When seven legislators from one State Legislative Assembly resign over a period of two days, it's big news, especially when it was done in support of the Maratha quota stir or the way the government handled it.
A significant aspect of their resignation is the fact that they do not belong to a single party. Of the seven legislators who resigned, two — Seema Hire and Rahul Ahir — are from the BJP, three — Dattatray Bharne, Ramesh Kadam, and Jaidev Chikatgaonkar — belong to the Nationalist Congress Party, one legislator Bharat Bhalke is from the Congress, and one legislator Harshvardhan Jadhav is from the Shiv Sena, which is part of the BJP-led ruling coalition at the State as well as the Centre.
They are Marathas and may have felt very angry at the way how the 58 silent morchas did not lead to 18 percent reservation quota for the community in schools, colleges, and jobs. Prima facie, that could be what they want their constituencies to know. Marathas in rural belts are a third of the population. And with 2019 Lok Sabha polls, just months away, they may seek re-election.
However, these resignations count only when they are handed properly to the right person and in a correct manner. A process is involved, which, as lawmakers, they ought to know: Resignations have to be handwritten, cite no reasons, be signed, and if required, attested before the Speaker or the Chairperson of the Assembly of the Council to verify the signature.
Hire’s resignation is not worth anything because she handed it over to the Maratha Kranti Morcha in Nashik. Would she submit it personally? The Times of India quoted her as saying: “Will decide later”. This is precisely why resignations have be submitted in person like Shiv Sena's Jadhav did. It may have been voluntary but the Speaker could suspect the possibility that Hire succumbed to pressure.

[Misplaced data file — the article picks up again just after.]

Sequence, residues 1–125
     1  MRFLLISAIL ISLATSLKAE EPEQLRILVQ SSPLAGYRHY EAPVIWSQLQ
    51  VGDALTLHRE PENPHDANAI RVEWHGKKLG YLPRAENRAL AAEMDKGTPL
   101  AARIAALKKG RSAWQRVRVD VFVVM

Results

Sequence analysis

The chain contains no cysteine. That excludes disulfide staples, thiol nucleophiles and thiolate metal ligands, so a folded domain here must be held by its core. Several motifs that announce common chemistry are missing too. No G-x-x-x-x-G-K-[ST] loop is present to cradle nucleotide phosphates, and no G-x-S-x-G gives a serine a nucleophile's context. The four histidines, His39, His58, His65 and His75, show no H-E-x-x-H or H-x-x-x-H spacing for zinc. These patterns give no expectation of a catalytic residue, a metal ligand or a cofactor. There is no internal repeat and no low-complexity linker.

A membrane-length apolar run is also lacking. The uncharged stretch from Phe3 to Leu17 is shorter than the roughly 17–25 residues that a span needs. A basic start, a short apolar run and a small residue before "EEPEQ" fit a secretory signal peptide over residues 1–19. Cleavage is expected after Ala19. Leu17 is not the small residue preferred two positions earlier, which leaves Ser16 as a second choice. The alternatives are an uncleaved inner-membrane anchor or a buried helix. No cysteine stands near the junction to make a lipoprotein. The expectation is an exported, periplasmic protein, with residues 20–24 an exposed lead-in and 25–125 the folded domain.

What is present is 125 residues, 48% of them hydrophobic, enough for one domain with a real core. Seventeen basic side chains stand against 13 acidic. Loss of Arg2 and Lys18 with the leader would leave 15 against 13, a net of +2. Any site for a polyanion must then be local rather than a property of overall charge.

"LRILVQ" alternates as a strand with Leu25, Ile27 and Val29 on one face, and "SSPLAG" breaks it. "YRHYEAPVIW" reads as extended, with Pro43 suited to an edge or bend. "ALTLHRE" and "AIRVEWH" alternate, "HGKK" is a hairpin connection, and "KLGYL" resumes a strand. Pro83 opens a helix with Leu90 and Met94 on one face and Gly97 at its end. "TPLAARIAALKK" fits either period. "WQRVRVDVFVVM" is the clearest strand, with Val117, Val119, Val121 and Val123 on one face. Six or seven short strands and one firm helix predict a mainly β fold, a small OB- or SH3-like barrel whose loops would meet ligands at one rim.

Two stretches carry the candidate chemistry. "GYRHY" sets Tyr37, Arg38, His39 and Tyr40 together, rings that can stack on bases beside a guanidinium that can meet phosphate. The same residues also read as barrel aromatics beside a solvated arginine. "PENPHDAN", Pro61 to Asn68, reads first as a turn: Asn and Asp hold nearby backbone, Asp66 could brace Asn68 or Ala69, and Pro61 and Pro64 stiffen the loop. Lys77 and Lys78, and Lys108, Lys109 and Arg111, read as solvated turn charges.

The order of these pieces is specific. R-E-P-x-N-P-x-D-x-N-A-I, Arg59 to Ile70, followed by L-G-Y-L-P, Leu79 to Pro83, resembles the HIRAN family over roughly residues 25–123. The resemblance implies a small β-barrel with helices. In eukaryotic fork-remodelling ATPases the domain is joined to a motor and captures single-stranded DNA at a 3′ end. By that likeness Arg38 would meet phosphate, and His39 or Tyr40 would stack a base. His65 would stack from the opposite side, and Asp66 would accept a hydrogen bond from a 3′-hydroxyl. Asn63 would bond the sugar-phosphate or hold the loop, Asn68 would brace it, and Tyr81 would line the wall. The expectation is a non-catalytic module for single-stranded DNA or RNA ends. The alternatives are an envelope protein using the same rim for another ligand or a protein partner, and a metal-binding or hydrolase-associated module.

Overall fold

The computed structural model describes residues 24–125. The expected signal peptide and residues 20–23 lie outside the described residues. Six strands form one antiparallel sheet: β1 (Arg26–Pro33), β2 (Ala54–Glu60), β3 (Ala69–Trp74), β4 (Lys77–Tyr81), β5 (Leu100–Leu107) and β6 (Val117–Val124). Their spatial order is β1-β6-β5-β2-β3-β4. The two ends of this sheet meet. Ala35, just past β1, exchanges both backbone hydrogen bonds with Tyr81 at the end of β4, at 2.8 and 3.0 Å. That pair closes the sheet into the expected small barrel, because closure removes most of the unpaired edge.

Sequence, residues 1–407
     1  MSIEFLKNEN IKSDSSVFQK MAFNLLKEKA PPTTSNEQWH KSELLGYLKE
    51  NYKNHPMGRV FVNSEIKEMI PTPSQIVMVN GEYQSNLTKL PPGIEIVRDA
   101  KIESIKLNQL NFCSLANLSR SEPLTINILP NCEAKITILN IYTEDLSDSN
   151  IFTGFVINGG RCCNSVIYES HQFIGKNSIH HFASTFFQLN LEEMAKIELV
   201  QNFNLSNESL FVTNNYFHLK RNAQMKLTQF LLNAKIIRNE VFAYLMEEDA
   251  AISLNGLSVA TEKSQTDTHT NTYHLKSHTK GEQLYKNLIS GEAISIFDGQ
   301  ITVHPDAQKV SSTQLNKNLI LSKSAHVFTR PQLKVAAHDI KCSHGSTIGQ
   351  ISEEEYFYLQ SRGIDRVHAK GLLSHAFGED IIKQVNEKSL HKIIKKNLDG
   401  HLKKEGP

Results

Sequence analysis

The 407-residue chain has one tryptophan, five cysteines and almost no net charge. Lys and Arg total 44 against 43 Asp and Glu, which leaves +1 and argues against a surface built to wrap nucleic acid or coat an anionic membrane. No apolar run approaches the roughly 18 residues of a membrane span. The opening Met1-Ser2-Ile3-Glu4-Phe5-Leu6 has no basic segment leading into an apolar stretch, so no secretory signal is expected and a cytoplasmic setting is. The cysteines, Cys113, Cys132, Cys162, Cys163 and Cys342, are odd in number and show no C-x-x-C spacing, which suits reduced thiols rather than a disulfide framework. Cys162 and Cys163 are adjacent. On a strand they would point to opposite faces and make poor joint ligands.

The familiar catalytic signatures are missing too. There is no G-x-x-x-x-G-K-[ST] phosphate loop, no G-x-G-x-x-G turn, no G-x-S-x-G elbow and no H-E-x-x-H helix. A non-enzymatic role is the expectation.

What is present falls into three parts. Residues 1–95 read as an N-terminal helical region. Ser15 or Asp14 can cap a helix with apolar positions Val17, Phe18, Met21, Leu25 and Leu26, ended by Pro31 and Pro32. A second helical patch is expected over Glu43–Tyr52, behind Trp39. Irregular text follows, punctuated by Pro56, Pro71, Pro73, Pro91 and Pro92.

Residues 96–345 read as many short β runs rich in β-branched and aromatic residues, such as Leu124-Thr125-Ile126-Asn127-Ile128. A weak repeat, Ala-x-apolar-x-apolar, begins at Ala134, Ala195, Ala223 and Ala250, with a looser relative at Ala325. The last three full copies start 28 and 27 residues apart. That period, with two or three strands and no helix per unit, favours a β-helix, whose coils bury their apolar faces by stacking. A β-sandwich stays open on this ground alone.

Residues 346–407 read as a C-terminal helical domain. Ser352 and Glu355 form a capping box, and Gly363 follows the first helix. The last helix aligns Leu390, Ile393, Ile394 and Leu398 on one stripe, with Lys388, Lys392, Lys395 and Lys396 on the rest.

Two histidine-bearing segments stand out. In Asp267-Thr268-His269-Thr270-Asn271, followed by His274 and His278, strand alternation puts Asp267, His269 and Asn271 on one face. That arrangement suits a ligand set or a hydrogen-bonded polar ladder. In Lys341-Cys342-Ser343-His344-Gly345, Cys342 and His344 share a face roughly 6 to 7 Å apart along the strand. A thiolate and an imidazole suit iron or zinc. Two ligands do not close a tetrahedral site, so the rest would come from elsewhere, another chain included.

The resignations cannot be sent via email, as has been the case with Bhalke. This, notwithstanding that technology has overtaken our lives and even bank transactions are done by mobile apps. But because some of the laws remain unchanged in the Constitution, the letter is to be personally carried by the member.
Only Jadhav seems to have met the requirements and they come into effect only after being notified by the presiding officer in the House Bulletin and the Election Commission is informed. For, if there was a six-month gap between then and the next round of elections, a bye-lection is required to be held. The presiding officer need not accept the resignations soon upon being presented.
There was a gap of time between the handing over of resignations by five YCR Congress Party MPs from Lok Sabha on 6 April and its acceptance by the Speaker on 21 June. They had resigned to build pressure on the government on the issue of special status for Andhra Pradesh. Here, the seven Maratha legislators are apparently resigning for Maratha reservation.
It was reported that the Speaker had asked the MPs to reconsider their intent, and that was almost towards the end of May. Their departure would have left the Lok Sabha bereft of any member from that party, but that may not necessarily have been the case. It could also have been to let the air cool a bit. They, however, declined.
But the flip side is also possible. The resignation of the Maratha leaders could be just political posturing. Though there have been no allegations of pressure from the Maratha Kranti Morcha yet – at least publicly articulated — such pressures, if the presiding officers note, may lead to the non-acceptance of the resignation.
However, regardless of the agitators demanding or forcing it, be prepared for some more resignations. There is a lot more to be gained either by resigning, making a mere announcement, or sending one's resignation to some party leader, and be seen as being in solidarity with the agitators.
Updated Date: Jul 27, 2018 18:11 PM